Apple Recognizes It Jumped Too Quickly On Its CSAM Detection System; Delays Implementation
from the good dept
Sometimes speaking out works. A month ago, Apple announced a series of new offerings that it claimed would be useful in fighting back against CSAM (child sexual abuse material). This is a real problem, and it’s commendable that Apple was exploring ways to fight it. However, the major concern was how Apple had decided to do this. Despite the fact that a ton of experts have been working on ways to deal with this extremely challenging problem, Apple (in Apple fashion) went it alone and just jumped right in the deep end, causing a lot more trouble than necessary — both because their implementation had numerous serious risks that Apple didn’t seem to account for, and (perhaps more importantly) because the plan could wipe away years of goodwill in conversations between technologists, security professionals, human rights advocates and more in trying to seek solutions that better balance the risks.
Thankfully, with much of the security community, the human rights community, and others calling attention to Apple’s dangerous approach, the company has now announced a plan to delay the implementation, gather more information, and actually talk to experts before deciding how to move forward. Apple put (in tiny print…) an update on the page where it announced these features.
Update as of September 3, 2021: Previously we announced plans for features intended to help protect children from predators who use communication tools to recruit and exploit them and to help limit the spread of Child Sexual Abuse Material. Based on feedback from customers, advocacy groups, researchers, and others, we have decided to take additional time over the coming months to collect input and make improvements before releasing these critically important child safety features.
It’s good that the company has finally realized that it moved too quickly on this and hadn’t necessarily understood the ramifications of its decision. It remains to be seen whether the company will actually do more in terms of realizing how dangerous its approach was, or if it will simply look to make a few cosmetic changes to the system.
Notably, this announcement came out just as Scientific American released an interesting article that warns that one of the child safety features — one that had received less concern than the others — might harm children more than it helps. This is the “communication safety in messages” feature that would scan iMessages of kids under 13, blur messages that the system deemed sexually explicit, and alert parents if the kid sends or opens such a message.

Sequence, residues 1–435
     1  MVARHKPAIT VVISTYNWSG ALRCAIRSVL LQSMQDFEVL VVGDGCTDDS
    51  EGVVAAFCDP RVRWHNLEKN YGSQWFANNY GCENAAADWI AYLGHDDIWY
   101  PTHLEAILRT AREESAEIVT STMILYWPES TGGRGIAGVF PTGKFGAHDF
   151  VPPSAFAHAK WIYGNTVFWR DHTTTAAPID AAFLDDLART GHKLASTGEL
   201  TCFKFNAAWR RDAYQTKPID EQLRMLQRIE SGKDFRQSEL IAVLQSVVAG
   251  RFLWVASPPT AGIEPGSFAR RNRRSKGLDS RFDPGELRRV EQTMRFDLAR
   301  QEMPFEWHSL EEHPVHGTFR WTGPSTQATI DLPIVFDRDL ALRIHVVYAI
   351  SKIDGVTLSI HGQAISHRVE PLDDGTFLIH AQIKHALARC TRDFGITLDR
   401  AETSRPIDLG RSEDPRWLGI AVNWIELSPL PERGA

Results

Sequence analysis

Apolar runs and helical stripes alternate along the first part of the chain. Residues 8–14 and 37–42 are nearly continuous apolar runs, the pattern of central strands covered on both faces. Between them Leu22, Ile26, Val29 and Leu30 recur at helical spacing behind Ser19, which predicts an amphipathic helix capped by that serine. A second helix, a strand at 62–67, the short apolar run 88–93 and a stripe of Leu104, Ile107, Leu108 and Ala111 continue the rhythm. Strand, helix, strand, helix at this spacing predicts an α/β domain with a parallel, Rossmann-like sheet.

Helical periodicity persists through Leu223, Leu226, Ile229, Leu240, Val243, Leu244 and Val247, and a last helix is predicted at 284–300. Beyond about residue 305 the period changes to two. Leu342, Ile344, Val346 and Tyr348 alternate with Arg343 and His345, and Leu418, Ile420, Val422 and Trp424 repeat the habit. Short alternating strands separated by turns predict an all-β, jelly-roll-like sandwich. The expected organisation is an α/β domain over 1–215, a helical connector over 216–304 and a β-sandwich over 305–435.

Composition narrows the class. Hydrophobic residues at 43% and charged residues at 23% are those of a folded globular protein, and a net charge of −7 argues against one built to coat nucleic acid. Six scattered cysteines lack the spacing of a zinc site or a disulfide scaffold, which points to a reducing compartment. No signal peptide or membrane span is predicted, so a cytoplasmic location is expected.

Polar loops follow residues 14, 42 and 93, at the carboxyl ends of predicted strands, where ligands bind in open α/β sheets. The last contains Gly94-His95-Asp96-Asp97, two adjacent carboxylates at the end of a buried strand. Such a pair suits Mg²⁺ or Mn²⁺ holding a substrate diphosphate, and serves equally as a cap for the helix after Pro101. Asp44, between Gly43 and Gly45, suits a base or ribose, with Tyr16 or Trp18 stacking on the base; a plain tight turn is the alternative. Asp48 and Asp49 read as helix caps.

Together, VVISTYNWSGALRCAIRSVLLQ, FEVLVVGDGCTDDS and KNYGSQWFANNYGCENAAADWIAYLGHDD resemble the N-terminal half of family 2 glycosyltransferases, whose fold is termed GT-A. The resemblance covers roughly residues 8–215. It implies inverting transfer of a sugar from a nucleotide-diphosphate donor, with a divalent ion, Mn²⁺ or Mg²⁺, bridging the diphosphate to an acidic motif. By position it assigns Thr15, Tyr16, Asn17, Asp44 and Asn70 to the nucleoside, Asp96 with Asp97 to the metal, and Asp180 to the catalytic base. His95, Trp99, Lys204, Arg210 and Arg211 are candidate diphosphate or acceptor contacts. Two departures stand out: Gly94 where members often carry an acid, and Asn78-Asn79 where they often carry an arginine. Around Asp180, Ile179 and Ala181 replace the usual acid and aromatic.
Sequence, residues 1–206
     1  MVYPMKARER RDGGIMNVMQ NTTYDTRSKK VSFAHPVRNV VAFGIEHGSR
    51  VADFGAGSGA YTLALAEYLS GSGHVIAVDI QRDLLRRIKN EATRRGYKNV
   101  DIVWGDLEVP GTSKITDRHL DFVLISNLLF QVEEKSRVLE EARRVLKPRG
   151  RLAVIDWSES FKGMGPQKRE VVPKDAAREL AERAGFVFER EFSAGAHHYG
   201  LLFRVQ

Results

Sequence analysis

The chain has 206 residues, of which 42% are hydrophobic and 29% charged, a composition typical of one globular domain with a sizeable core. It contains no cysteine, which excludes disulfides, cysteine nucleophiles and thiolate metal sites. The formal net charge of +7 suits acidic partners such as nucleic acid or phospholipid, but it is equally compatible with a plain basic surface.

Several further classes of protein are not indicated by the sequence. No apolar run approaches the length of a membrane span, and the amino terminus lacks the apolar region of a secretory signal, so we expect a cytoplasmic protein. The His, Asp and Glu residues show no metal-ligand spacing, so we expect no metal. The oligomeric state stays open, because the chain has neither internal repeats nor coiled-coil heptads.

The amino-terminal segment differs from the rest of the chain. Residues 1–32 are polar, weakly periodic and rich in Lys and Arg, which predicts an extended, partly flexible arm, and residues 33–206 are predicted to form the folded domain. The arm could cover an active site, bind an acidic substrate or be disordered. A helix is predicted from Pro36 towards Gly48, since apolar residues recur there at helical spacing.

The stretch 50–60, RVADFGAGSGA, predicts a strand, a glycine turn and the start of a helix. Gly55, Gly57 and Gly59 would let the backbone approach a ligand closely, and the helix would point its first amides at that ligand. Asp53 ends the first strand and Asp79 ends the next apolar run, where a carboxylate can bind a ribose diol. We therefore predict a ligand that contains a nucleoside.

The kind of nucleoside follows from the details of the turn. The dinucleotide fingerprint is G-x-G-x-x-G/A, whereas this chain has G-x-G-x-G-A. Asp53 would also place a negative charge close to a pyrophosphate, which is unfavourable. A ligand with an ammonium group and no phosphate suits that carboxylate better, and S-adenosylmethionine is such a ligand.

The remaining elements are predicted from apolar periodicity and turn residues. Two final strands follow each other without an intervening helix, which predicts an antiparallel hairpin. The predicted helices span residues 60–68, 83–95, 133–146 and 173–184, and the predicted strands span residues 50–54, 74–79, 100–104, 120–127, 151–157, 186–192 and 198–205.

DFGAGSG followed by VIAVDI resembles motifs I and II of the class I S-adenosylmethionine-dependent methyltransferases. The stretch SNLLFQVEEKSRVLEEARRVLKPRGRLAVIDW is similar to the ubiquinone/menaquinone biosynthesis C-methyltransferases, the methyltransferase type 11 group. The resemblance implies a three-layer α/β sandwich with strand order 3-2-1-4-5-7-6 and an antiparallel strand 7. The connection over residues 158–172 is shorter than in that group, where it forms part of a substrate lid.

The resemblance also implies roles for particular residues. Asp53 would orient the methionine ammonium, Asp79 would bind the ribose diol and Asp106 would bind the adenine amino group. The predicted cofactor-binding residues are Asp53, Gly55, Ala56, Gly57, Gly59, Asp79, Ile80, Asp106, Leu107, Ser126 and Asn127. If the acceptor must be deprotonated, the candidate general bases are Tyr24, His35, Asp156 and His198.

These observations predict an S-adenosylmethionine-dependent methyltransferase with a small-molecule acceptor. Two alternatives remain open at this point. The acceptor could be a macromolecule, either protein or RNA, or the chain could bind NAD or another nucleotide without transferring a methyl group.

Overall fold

There were some initial concerns about this — especially regarding LGTBQ children whose parents might not be understanding. However, many of those initial concerns were quieted by the details of the program — including the fact that it was opt-in and was designed to be transparent to both the kids and the parents what was happening (so no sneaky surveillance or surprise alerts). It’s also specifically designed for child accounts that are set up in Family Sharing.
However, as the SciAm article notes, this system still should raise concerns, because it would make kids think they’re always being watched:
In fact, even by having this feature, we are teaching young people that they do not have a right to privacy. Removing young people?s privacy and right to give consent is exactly the opposite of what UNICEF?s evidence-based guidelines for preventing online and offline child sexual exploitation and abuse suggest. Further, this feature not only risks causing harm, but it also opens the door for wider intrusions into our private conversations, including intrusions by government.
We need to do better when it comes to designing technology to keep the young safe online. This starts with involving the potential victims themselves in the design of safety systems. As a growing movement around design justice suggests, involving the people most impacted by a technology is an effective way to prevent harm and design more effective solutions. So far, youth haven?t been part of the conversations that technology companies or researchers are having. They need to be.
Again, there are real concerns here, and parents obviously want to protect their children. But over and over again we’ve seen the way you do that is by teaching them how to handle dangerous situations, rather than adding yet another layer of surveillance. The surveillance teaches them not only that they have no privacy, but similarly takes away their own agency in learning how to deal with difficult situations themselves.